Of California’s almost 100 million ac, about a third are forested (32 million ac). This report, including the accompanying tables, summarizes key findings from the 5,369 Forest Inventory and Analysis (FIA) plots measured in California’s forests during the period 2006–2015. Estimates are provided for forest area, ownership, species composition and distribution, size and age classes, volume, biomass, carbon, dead and downed wood, and understory vegetation. Starting in 2001, plots were measured on a 10-year cycle (10 percent of all plots measured annually). Thus, those plots measured in 2011–2015 represent completion of half of the remeasurement cycle; estimates of growth, mortality, and removals from remeasured plots are also included. The U.S. Forest Service manages about half of California’s forested land—48 percent. Fifty-two percent of California’s forests is categorized as timberland (unreserved forest land capable of producing ≥20 ft of wood per acre per year) predominantly consisting of the California mixed-conifer type. The most common forest type on the remaining 48 percent was western oak. Mean annual gross growth was 1.99 billion ft/year. Subtracting harvest removals (21 percent of growth values) and mortality (45 percent of growth values) still resulted in a positive net growth of 673 million ft/year. Of some of the commercially important tree species, damage was present in 17 to 27 percent of the trees, including Douglas-fir (17 percent), white fir (27 percent), ponderosa pine (20 percent), and redwood (17 percent). The two most prevalent nonnative species were both grasses—cheatgrass (estimated 277,000 ac of cover) and ripgut brome (234,000 ac). During the 10-year period, the years with the most forested acres with evidence of fire were 2008 and 2015. FIA plots will continue to be measured as stipulated by the 1998 Farm Bill. By the time the next FIA report for California is issued, a complete remeasurement cycle will have been completed.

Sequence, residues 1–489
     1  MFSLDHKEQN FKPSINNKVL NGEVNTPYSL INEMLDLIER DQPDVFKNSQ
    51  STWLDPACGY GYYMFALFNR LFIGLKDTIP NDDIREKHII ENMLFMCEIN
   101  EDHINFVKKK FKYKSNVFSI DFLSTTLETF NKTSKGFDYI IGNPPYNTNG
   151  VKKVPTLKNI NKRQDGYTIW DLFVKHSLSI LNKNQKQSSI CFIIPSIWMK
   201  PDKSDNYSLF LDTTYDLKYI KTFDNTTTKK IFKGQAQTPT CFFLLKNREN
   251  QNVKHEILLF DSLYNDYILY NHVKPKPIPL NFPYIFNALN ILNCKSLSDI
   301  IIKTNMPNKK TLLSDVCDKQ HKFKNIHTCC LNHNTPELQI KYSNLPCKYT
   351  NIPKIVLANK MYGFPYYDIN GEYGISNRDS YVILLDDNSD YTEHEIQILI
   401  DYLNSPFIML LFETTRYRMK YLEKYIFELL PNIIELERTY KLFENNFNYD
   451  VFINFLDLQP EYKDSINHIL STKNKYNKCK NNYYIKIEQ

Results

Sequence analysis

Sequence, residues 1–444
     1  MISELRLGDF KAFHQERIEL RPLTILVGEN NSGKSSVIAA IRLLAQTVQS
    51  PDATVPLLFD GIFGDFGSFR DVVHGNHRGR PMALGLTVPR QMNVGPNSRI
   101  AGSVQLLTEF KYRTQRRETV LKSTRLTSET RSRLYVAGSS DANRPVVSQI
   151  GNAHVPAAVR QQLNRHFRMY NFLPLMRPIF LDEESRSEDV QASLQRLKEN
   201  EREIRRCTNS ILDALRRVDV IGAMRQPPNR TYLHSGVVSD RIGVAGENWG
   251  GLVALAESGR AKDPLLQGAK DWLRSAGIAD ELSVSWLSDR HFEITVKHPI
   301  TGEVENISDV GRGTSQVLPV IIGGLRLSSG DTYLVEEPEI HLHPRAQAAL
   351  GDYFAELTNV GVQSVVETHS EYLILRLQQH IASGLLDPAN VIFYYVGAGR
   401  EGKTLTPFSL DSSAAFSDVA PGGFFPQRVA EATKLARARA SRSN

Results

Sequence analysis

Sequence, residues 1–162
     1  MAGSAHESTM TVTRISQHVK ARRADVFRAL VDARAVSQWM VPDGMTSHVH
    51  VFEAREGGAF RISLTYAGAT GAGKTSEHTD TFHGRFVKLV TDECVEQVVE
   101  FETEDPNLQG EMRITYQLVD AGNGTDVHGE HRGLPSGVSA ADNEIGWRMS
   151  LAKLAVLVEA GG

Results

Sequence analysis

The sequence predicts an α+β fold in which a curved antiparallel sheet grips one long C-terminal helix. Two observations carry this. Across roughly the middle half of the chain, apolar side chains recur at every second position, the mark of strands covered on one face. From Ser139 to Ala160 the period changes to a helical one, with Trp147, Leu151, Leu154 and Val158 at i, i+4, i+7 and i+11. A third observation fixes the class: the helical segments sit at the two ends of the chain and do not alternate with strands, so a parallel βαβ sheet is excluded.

The Pacific Northwest Research Station launched a Carbon Dynamics for Land and Watershed Stewardship research initiative in 2019. In this webinar, which took place January 21, 2020, working groups summarize their progress to date and talk about next steps and opportunities for additional scientists and stakeholders to contribute.
Methods to accurately estimate spatially explicit fuel consumption are needed because consumption relates directly to fire behavior, effects, and smoke emissions. Our objective was to quantify sparkleberry (Vaccinium arboretum Marshall) shrub fuels before and after six experimental prescribed fires at Fort Jackson in South Carolina. We used a novel approach to characterize shrubs non-destructively from three-dimensional (3D) point cloud data collected with a terrestrial laser scanner. The point cloud data were reduced to 0.001 m-3 voxels that were either occupied to indicate fuel presence or empty to indicate fuel absence. The density of occupied voxels was related significantly by a logarithmic function to 3D fuel bulk density samples that were destructively harvested (adjusted R2 = .32, P < .0001). Based on our findings, a survey-grade Global Navigation Satellite System may be necessary to accurately associate 3D point cloud data to 3D fuel bulk density measurements destructively collected in small (submeter) shrub plots. A recommendation for future research is to accurately geolocate and quantify the occupied volume of entire shrubs as 3D objects that can be used to train models to map shrub fuel bulk density from point cloud data binned to occupied 3D voxels.
The Fire and Smoke Model Evaluation Experiment (FASMEE) is designed to collect integrated observations from large wildland fires and provide evaluation datasets for new models and operational systems. Wildland fire, smoke dispersion, and atmospheric chemistry models have become more sophisticated, and next-generation operational models will require evaluation datasets that are coordinated and comprehensive for their evaluation and advancement. Integrated measurements are required, including ground-based observations of fuels and fire behavior, estimates of fire-emitted heat and emissions fluxes, and observations of near-source micrometeorology, plume properties, smoke dispersion, and atmospheric chemistry. To address these requirements the FASMEE campaign design includes a study plan to guide the suite of required measurements in forested sites representative of many prescribed burning programs in the southeastern United States and increasingly common high-intensity fires in the western United States. Here we provide an overview of the proposed experiment and recommendations for key measurements. The FASMEE study provides a template for additional large-scale experimental campaigns to advance fire science and operational fire and smoke models.